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The harsh reality of not getting on well with your Ex

The harsh reality of not getting on well with your Ex

The harsh reality of not getting on well with your Ex and keeping contact with the children post divorce – an interview with family law solicitor John Stebbing of Stephen Rimmer LLP:

On many occasions I have seen – a father usually – frustrated that he is not seeing his children as frequently as he should, or in circumstances that he would prefer.

There are many reasons why that may or may not be right, but I do suggest that when you think about your contact with the children – and I’m talking about the parent who does not have main care of the children – the reality is that you start from a relatively poor position. You are not involved with the daily care of that child, and so you have someone else who has that important role. If you are not respectful to that person, you won’t be surprised to find that they are not going to be amenable to your proposals.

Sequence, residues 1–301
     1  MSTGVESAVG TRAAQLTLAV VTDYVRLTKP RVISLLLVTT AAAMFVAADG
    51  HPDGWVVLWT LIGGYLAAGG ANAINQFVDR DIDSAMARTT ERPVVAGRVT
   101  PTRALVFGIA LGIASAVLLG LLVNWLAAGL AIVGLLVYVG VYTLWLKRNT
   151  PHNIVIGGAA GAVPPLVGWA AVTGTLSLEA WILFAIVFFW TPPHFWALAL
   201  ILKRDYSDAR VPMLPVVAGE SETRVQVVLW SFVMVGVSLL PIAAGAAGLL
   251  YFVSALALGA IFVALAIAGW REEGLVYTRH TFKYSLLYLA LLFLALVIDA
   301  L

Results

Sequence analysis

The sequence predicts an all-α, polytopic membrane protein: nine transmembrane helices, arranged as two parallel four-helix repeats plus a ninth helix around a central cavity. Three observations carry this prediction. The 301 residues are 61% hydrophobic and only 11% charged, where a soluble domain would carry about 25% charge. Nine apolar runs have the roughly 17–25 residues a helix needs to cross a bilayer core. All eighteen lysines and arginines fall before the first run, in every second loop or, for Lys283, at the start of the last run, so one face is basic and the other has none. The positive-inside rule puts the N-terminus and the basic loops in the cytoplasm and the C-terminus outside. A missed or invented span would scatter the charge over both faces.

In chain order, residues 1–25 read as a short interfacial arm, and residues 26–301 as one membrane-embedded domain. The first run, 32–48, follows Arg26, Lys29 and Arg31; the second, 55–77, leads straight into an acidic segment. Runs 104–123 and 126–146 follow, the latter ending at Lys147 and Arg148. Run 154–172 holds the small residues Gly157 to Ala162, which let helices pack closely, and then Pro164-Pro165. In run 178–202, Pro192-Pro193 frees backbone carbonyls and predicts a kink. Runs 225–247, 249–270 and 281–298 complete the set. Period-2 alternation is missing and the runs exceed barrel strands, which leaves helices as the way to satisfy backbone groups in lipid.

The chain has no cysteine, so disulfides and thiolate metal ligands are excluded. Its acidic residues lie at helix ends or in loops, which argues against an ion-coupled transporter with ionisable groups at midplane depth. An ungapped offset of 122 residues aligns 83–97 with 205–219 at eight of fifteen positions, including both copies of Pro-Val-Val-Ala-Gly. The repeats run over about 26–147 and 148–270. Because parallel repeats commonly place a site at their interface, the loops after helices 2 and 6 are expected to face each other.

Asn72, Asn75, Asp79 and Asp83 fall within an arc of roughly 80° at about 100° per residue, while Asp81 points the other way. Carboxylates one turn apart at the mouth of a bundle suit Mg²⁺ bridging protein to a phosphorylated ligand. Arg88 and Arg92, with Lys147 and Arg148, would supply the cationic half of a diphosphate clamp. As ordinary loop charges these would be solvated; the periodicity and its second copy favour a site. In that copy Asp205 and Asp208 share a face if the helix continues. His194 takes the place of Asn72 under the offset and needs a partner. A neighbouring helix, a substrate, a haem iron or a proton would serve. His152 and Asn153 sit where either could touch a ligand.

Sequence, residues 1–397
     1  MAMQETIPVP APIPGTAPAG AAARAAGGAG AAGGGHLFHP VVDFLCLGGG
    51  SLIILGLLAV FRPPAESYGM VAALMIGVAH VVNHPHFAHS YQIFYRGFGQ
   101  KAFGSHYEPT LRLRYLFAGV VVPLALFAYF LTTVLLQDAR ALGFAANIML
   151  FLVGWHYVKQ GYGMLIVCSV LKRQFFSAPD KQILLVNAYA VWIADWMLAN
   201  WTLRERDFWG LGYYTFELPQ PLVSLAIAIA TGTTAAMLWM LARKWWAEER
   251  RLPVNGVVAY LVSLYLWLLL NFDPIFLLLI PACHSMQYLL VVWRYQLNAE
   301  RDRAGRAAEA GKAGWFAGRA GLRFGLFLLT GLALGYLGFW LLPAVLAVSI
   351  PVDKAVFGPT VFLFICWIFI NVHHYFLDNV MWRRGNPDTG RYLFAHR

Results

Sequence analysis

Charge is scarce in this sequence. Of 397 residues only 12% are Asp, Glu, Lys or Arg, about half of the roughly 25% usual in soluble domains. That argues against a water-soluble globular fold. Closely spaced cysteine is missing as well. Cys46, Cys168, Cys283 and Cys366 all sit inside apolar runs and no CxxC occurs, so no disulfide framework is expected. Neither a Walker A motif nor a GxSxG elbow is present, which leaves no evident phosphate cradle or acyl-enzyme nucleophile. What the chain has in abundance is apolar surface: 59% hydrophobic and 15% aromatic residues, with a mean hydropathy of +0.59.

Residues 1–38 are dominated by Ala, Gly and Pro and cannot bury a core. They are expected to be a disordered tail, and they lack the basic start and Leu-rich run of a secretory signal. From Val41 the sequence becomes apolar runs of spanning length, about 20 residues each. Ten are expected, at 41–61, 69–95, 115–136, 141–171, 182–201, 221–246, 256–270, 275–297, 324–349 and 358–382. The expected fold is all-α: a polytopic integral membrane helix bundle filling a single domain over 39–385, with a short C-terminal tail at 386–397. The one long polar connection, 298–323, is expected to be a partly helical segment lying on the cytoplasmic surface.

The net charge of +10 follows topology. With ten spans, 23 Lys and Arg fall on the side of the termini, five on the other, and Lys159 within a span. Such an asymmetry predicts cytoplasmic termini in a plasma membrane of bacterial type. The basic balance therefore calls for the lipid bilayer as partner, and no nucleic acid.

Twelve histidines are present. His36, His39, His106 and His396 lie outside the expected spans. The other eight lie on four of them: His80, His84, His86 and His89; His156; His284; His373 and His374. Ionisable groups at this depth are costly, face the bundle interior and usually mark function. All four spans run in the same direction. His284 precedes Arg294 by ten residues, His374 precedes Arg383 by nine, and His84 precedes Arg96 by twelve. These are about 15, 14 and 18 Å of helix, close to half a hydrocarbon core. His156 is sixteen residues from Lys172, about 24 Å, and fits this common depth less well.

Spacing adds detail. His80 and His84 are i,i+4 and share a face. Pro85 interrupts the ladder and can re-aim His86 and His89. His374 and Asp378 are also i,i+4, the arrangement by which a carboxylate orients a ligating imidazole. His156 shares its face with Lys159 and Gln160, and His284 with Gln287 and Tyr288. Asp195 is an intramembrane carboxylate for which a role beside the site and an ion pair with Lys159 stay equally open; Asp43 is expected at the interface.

So think about how you handle that anger and frustration, that ‘she’s not doing something right’ as a mum, or she doesn’t seem to respect you – first of all you’ve got to try to build over that bridge to try to get some cooperation that is on the level and that is workable. In other words, I often say to people that if you come away from a poor relationship, the best thing you should do is try to establish a working relationship at least, for the purposes of your contact with your children.

Because the children will benefit from observing you both as parents working together, and from the child’s perspective, the last thing they want to see is the opposite of that – gripes and anger, doorstep arguments, even telephone comments to the child as well as to the mother. The mother coming away from the telephone upset and angry – that doesn’t help in an environment where you are wanting that child to see you with some respect and with love and affection, and notwithstanding that you are separated now, that you both as parents love and support that child/children, come what may.


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